FDI Alone has fully funded India’s Current Account Deficit

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FDI Alone has fully funded India’s Current Account Deficit
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India’s foreign direct investment (FDI) will remain at last year’s elevated levels, though the FDI inflows momentum may wither and the incremental gains over the next few quarters may not be limitless, according to HSBC. Pranjul Bhandari and Dhiraj Nim underscored in their May 3 research note titled “India’s external sector bounty” that India’s overall FDI will be sufficient to fund its current account deficit.

India’s FDI inflows doubled in 3 years

Highlighting the robust FDI inflows India has been witnessing during the past three years, the HSBC analysts point out that India’s FDI inflows doubled from US$22 billion to US$46 billion between 2013 and 2016. As the strong inflows were also coupled with a drop in FDI outflows, India’s economy witnessed commendable net FDI gains.

fdi inflows india

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Taking a deep dive into India’s FDI flows during the past three years, Bhandari and Nim point out that the incremental FDI has flown into digital, physical and other services such as banking, commodity exchange and insurance. Though the digital economy garnered much of the incremental FDI during 2014 and 2015, the analysts point out that the appetite for this segment waned, with physical economy-linked FDI witnessing a smart increase.

The HSBC analysts believe that India’s FDI inflows will remain robust in the future, though the incremental flow may not be as rapid as in the past. However, thanks to the series of measures initiated by the government in the recent past, the analysts believe that over the longer term, FDI inflows are likely to be strong on the back of enhanced macro stability, easier regulations and a sustained increase in FDI limits. For instance, in June 2016, the government enhanced the FDI ceiling to 100% for defensive sectors.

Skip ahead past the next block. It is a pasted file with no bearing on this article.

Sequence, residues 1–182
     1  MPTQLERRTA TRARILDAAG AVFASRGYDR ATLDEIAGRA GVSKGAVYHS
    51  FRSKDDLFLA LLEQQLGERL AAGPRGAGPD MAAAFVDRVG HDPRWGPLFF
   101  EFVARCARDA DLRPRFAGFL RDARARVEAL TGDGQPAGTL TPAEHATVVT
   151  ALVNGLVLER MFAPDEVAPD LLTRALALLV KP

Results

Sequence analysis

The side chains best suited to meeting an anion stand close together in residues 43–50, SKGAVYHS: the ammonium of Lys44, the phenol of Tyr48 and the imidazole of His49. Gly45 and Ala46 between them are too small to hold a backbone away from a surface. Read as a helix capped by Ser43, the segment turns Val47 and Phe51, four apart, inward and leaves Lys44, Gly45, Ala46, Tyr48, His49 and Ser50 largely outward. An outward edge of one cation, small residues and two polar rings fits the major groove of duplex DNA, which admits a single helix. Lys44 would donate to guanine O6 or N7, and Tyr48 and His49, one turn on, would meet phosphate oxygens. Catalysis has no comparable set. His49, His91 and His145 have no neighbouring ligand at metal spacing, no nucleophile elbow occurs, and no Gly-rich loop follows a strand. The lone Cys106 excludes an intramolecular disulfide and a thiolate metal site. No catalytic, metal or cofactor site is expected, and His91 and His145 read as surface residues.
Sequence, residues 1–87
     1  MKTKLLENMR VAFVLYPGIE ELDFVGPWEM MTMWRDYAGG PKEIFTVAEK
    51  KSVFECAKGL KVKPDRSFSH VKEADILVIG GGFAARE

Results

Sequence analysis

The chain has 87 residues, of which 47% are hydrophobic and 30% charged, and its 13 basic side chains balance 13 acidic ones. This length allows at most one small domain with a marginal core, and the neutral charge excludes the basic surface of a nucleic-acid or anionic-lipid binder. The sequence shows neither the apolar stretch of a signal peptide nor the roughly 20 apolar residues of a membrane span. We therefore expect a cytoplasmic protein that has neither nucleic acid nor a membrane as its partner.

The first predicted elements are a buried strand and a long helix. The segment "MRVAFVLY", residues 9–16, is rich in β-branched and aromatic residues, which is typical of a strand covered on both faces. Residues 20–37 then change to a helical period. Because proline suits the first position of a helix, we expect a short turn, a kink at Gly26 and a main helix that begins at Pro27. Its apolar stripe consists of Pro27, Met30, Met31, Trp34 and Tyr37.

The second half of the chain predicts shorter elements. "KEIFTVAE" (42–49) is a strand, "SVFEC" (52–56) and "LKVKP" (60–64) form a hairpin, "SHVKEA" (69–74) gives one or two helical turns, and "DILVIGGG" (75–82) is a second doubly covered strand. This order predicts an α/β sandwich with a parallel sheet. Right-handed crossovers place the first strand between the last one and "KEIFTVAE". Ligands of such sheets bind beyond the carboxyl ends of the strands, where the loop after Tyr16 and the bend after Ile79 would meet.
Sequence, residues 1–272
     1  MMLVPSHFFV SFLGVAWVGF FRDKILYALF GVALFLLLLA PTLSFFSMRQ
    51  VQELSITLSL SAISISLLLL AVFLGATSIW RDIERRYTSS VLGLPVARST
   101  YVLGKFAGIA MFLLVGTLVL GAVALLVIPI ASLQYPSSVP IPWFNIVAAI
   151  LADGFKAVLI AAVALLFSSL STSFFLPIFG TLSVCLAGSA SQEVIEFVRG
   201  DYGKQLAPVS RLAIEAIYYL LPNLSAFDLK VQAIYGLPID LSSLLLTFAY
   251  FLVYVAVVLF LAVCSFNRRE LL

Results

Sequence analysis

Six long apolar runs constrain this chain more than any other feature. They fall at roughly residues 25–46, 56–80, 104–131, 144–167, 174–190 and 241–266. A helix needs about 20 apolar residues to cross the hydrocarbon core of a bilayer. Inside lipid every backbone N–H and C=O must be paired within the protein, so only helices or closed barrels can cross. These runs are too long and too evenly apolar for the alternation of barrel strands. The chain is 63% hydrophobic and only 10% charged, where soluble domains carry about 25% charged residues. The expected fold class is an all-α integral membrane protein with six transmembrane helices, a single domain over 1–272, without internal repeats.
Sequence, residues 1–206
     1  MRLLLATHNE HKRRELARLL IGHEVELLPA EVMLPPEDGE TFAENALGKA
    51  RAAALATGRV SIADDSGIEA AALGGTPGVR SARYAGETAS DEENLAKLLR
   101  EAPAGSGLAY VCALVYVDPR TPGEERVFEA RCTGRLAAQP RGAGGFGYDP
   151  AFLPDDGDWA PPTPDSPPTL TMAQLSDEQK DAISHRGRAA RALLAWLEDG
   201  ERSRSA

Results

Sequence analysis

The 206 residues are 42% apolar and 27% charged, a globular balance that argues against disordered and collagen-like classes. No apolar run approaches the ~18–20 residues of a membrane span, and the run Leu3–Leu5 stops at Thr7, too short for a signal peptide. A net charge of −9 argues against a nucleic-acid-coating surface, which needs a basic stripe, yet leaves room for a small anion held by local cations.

India’s exports rose sharply over the last two months

Bhandari and Nim point out that high- and medium-technology exports aided India’s exports in rising sharply in February and March. The analysts point out that the rupee (INR) contributed 20% of India’s export growth, while world growth accounted for a third of it. The HSBC analysts highlight that domestic bottlenecks explain the remaining 50%. The analysts believe that of the three drivers, world growth alone can be singled out for the recent export upsurge.

India's export fdi inflows fdi inflows

However, the HSBC analysts caution that domestic bottlenecks remain a constraint that could limit India’s export growth. For instance, non-availability of cotton for textile exports or irrigation facilities for agriculture could dampen India’s exports.

Striking a positive tone, the HSBC analysts believe that thanks to export-enhancing FDI, India’s exports will grow in the future. However, they believe that with both higher FDI inflows and a strong rupee, incremental gains over the next few quarters may come with limits.

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Mani is a Senior Financial Consultant. He has worked in Senior Management role in large banking, financial and information technology organizations. He has provided solutions for major banking and securities firms across the globe in the area of retail, corporate and investment banking. He holds MBA (Finance) and Professional Management Accounting Qualifications. His hobbies are tracking global financial developments and watching sports
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